Brief Account of My Study Buddy Experience

The thrilled, the confused, and the grateful

Kit Ostrihon
8 min readSep 7, 2020


Last term a stranger wrote me an email saying she is my APC Study Buddy, and despite knowing of the program, I could not tell how does it apply to me at first. I found myself inspecting the email for any clues of who is writing to me and if they represent my school or if they are — as they say, a student like me.

Looking closely at the name of the email sender, I could tell we might be coming from a similar part of Europe, but have I assumed that correctly?

I turn to my LinkedIn network to understand who is writing to me. I ended up amazed to see that the person who is to navigate me has studied in both in the Slovak Republic and the UK before embracing the Ozzie lifestyle in Sydney. I was impressed that someone with so much experience and a true global citizen would be assigned to share their knowledge with me. And even more that she offers to have a chat or assist me with questions regarding my studies any time! When does it ever happen to you that someone’s expertise would be at your disposal like that?

I received my email in May 2020, but I still remember feeling grateful for a person coming from a similar cultural background who has been so successful in their studies and living abroad connecting with me. It meant that I could relate to a role model and learn from their journey. Even if you tend to learn anything from anyone and love getting inspired by people’s experiences, it feels extra special if you can see yourself in a tiny piece of someone’s path in life or career. It means that whatever dreams you might have, there is someone similar to you that have already achieved them.

Going to school in the city, I have always focused on my studies and making the most of the curriculum, and just a handful of times met a person who would unveil their cultural identity as Czech/Slovak. I suspect a lot of people who had enjoyed short summers most of their lives, chose to study in the Manly and Bondi instead of any of the two city campuses. I have found the greyness of the city oddly comforting and the campuses perfectly convenient for being close to any tech meetups and events that were happening at the time.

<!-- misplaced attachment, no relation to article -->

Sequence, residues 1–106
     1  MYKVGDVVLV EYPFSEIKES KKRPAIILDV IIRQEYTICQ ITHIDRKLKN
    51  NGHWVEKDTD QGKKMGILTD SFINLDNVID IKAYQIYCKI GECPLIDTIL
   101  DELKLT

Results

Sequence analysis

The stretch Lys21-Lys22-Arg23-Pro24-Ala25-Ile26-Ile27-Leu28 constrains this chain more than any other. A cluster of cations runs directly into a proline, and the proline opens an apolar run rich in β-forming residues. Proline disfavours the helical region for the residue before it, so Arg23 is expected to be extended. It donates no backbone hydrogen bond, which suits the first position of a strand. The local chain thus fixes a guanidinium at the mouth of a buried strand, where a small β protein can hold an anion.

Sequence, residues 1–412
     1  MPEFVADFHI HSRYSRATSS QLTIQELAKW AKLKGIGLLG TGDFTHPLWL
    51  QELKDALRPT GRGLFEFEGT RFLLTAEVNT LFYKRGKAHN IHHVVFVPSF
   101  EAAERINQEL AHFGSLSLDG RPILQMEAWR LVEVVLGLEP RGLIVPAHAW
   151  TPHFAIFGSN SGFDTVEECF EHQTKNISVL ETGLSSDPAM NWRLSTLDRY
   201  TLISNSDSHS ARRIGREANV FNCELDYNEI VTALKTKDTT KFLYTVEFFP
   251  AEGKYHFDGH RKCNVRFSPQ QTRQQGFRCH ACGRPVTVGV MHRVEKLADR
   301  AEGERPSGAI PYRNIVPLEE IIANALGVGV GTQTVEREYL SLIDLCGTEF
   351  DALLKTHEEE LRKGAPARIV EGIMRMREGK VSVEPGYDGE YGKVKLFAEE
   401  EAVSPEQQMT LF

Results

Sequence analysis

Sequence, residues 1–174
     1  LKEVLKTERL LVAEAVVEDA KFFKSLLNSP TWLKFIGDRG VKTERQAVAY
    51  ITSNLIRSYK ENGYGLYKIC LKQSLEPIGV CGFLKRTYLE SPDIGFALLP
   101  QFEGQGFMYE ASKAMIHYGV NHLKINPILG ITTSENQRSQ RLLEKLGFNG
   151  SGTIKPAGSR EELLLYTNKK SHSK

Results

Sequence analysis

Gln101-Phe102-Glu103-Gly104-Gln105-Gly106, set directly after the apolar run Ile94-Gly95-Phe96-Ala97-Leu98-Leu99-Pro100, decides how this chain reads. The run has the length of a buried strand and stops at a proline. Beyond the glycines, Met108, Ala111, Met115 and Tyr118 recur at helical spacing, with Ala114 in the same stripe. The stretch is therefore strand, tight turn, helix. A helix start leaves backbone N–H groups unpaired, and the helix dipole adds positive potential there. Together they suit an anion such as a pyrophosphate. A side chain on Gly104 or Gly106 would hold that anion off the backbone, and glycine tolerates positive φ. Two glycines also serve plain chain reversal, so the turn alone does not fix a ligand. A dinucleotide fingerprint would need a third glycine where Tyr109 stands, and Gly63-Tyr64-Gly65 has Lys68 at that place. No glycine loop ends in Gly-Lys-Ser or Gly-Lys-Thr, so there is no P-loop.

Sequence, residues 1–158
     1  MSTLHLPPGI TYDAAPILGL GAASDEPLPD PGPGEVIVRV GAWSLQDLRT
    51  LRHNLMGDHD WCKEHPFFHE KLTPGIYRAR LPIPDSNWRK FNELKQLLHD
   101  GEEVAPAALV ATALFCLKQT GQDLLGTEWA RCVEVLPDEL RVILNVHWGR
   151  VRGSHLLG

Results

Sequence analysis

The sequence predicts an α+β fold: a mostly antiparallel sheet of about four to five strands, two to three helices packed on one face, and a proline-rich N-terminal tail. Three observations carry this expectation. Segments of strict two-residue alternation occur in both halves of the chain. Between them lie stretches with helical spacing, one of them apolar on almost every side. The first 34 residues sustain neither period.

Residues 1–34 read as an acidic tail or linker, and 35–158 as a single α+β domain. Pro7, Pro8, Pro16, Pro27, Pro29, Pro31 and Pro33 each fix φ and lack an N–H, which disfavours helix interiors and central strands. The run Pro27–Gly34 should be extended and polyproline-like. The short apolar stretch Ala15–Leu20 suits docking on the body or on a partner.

Transitioning to the online learning, I got to interact with all my schoolmates not just from the city campus or Sydney, but all over Australia and overseas. Suddenly, we were discussing activities and topics not as a small class, but together as an international group on a big scale! I have to say I have learnt so much from my schoolmates’ experiences and expertise. I truly admired everyone that decided to participate in the class, because even just showing your face in front of a group of strangers on Monday morning takes guts!

Enjoying the first time of the Virtual Learning Experience a.k.a the VLE got me thinking that there are still people who might find themselves struggling to adjust to the learning style. Hearing from everyone about their experiences related to the curriculum made me realise that I wish more people shared their opinions and expertise. Is it possible that some students might still need assistance to make that happen? With each week passing, I thought about the importance of having a mentor more and more.

The advert for being a study buddy implied a simple equation: the more study buddies, the more students supported. Did I have any idea what it involves to be a study buddy for a whole term? No! Was I scared to apply? Yes! Did I see how gentle guidance and encouragement from my teachers improves my life and likely the lives of all students attending their class? Certainly! I was determined to become a supportive force and help my peers too. Eventually, I picked up just enough courage to apply.

How does being an APC Study Buddy work, you might wonder? I can tell you the account of how it felt for me.

The Thrilled

The excitement came first. About eighty study buddies for the term gathered in a video meeting to learn how and what can we do to help others. Everyone seemed to be so passionate about supporting others and keen to start! People wanted to make the most of the training and learn how to help people isolated at home to socialise with other schoolmates virtually, and how to connect to create networks. Our nationality and campus location came into the mix to make everyone feel included. Our students should see that they can relate to us, and we would likely understand more of their perspectives. We were to contact them at least three times during the term and help them with any questions they might have about their learning experience. To support each other in answering these, the group chat for study buddies began.

Sharing ideas for emails, suggestions for social events of APC and asking and answering questions as a group of buddies turned out to be a great initiative. When you share an issue or an inquiry, everyone learns from it. If two heads are better than one, tens of them are even better! Study buddies embraced the chat to the maximum — we got to collaborate and solve issues without contacting APC Student Services for answers. Not only is it surprisingly empowering to come up with an idea together, but also seems to build a great community.